That is the thing about New York and New Yorkers.   I find New Yorkers away from home to be obnoxious.  Not you of course, but other New Yorkers.  You know “them.”  But in New York, New Yorkers are funny, cool, and, always and without any exception, direct.  Several times while Corey, Henna, and I were planning our day on the subway, a stranger would interrupt with something like “You don’t want to go Times Square.  This is what you do….”  I quickly adopted this custom by looking any random stranger in the eye and, without bothering with an “excuse me” or “I’m sorry to interrupt, but” instead simply asking “Where can I get lunch?”  They seemed to respect that kind of thing and always had plenty suggestions to contribute to our day.

Upon first arriving in Brooklyn, after unloading everything of value into our new, small basement apartment, we walked through the neighborhood and stumbled into Prospect Park.  In the twilight Henna found a friend and they chased each other around the monkey bars.  We talked to his mom whose dark complexion and thick French accent intrigued us.  Like many urban park discussions, the topic of conversation was schools.  Remarkably, over the next three days we bumped into this mom and her son several times.  Each time she gave us great tips on neighborhood restaurants.  I think that maybe the reason New Yorkers away from New York are hard to suffer is that they miss the amazing amount and variety of good restaurants that are always a block or two from wherever you are.  The three nights we stayed in Prospect Park we sampled food trucks, devoured sushi and very authentic Mexican food.  The three of us sat outside and watched our waiter jump from the curb back into the outdoor café area each time he sensed a customer in need.  It was like being served by a bystander.  We dined after dark and Henna was by no means the only child awake as small children no more than ten skated, cycled, and walked by.  Past eleven, with Henna just asleep, Corey and I were amazed to hear an ice cream truck drive by.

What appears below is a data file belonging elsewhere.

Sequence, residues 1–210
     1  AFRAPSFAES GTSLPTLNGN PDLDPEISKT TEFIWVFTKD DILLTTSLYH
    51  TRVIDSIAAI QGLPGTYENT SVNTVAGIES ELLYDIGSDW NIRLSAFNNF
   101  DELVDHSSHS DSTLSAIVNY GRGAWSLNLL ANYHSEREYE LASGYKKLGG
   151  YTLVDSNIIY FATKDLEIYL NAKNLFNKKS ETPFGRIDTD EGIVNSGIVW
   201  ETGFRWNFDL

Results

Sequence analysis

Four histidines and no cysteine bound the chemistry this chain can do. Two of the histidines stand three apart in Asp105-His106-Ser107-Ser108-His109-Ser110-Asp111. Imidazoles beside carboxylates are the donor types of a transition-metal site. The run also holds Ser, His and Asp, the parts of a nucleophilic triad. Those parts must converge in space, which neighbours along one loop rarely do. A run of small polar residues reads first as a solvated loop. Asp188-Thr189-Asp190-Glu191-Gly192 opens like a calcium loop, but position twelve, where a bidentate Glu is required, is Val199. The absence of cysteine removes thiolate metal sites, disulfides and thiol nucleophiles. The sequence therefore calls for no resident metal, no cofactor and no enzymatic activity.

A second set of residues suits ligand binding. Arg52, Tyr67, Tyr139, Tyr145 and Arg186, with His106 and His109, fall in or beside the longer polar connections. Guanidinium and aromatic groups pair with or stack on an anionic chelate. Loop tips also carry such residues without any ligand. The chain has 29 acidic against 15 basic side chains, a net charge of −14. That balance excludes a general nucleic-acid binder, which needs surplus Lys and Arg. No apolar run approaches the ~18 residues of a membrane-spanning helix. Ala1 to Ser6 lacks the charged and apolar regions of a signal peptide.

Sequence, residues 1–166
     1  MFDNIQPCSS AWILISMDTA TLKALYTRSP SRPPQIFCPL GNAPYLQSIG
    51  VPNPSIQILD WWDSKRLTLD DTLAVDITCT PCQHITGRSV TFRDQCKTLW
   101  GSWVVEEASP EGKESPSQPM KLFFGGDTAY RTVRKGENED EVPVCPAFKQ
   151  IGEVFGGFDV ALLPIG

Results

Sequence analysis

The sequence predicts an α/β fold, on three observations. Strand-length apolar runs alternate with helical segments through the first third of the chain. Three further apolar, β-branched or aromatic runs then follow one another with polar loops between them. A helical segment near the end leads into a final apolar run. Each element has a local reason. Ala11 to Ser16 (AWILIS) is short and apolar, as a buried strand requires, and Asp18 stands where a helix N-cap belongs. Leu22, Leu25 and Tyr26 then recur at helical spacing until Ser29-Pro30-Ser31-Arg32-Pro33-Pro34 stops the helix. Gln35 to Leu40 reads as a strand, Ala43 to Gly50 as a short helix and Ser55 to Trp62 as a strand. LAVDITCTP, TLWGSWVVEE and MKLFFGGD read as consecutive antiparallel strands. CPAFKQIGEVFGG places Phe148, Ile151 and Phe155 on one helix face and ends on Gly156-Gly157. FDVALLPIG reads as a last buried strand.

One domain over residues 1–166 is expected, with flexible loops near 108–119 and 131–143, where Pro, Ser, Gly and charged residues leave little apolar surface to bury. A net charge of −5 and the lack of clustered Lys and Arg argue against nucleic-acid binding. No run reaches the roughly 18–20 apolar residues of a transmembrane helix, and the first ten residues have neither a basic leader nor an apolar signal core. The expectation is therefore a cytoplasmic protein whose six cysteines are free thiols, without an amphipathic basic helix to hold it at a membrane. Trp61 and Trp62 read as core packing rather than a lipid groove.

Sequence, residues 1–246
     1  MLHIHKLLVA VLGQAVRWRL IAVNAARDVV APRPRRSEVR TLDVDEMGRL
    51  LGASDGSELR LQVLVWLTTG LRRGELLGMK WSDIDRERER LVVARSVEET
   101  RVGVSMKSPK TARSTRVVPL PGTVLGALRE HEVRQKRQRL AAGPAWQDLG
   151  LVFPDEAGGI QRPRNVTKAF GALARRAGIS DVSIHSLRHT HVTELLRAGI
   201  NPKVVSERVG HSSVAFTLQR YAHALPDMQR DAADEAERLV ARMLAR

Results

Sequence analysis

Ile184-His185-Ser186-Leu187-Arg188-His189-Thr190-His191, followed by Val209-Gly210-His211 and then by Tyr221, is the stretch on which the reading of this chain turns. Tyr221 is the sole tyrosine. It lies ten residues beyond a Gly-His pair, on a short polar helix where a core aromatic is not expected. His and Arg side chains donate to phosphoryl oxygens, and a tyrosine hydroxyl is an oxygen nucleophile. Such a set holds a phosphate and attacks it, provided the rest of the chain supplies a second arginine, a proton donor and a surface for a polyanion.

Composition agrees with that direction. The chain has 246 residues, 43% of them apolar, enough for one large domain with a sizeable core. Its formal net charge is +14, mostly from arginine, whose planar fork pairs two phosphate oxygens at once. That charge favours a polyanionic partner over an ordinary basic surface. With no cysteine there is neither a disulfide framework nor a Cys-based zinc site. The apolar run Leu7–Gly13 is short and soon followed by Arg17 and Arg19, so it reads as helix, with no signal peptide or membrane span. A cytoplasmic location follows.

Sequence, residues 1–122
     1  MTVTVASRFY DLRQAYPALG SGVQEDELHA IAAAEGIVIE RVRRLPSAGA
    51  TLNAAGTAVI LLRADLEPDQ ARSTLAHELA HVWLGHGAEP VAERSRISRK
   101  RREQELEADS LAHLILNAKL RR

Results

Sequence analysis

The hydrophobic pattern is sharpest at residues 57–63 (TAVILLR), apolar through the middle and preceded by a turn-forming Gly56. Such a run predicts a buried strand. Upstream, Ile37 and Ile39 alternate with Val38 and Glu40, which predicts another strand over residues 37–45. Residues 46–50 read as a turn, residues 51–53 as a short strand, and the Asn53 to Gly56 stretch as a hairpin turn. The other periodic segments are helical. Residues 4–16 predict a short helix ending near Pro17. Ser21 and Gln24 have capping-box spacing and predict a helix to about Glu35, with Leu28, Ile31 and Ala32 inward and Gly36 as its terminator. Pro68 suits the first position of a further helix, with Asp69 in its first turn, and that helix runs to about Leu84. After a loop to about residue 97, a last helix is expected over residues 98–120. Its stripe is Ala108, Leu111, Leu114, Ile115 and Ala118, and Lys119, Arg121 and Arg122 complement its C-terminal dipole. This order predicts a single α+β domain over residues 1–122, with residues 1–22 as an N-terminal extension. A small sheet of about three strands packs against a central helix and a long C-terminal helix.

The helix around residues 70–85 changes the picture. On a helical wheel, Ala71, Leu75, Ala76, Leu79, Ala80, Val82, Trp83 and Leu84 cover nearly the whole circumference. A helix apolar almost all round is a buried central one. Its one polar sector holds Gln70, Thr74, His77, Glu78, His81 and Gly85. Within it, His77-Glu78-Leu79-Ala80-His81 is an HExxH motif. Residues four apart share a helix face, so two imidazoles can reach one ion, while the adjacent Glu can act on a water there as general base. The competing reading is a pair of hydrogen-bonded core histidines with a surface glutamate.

The next day we explored the park and delightfully got lost at every opportunity.  Besides the park itself, which features a wooded area, a medium sized lake with a classically designed boat house (Boathouse on the Lullwater), and plenty of open spaces, the park spills into the Brooklyn Botanical Garden.  For a small fee, one can wander aimlessly among the cultivated gardens and engage in several understated child friendly activities.  The Brooklyn Museum, with its impressive art collection that includes many works by Andy Warhol is also adjacent to the park (we especially enjoyed Andy’s creative use of urine).  Like Prospect Park, the museum has an unhurried and laid back feel that is quiet in contrast to the over visited island of Manhattan.  We also spent quality time reading and people watching at the Brooklyn Library.

Lest you think we are Central Park haters, we love that park too.  On a very hot day we enjoyed cooling off in the water fountains and it warmed my heart to see people from all over the world fighting for bench space.  My favorite moment there was throwing a water balloon at Corey.  When she furiously looked at me I pointed at the Russian tourist to my right who immediately denied this with a panicked   “nyet!”